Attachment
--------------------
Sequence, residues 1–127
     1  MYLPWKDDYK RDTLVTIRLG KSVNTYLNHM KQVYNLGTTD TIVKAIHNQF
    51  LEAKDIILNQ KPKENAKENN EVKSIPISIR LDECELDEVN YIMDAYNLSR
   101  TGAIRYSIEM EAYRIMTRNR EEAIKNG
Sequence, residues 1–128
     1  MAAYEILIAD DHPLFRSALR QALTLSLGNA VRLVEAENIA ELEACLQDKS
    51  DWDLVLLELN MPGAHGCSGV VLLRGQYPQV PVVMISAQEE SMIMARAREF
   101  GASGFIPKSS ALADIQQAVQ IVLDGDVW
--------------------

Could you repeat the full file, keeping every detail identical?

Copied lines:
Sequence, residues 1–127
     1  MYLPWKDDYK RDTLVTIRLG KSVNTYLNHM KQVYNLGTTD TIVKAIHNQF
    51  LEAKDIILNQ KPKENAKENN EVKSIPISIR LDECELDEVN YIMDAYNLSR
   101  TGAIRYSIEM EAYRIMTRNR EEAIKNG
Sequence, residues 1–128
     1  MAAYEILIAD DHPLFRSALR QALTLSLGNA VRLVEAENIA ELEACLQDKS
    51  DWDLVLLELN MPGAHGCSGV VLLRGQYPQV PVVMISAQEE SMIMARAREF
   101  GASGFIPKSS ALADIQQAVQ IVLDGDVW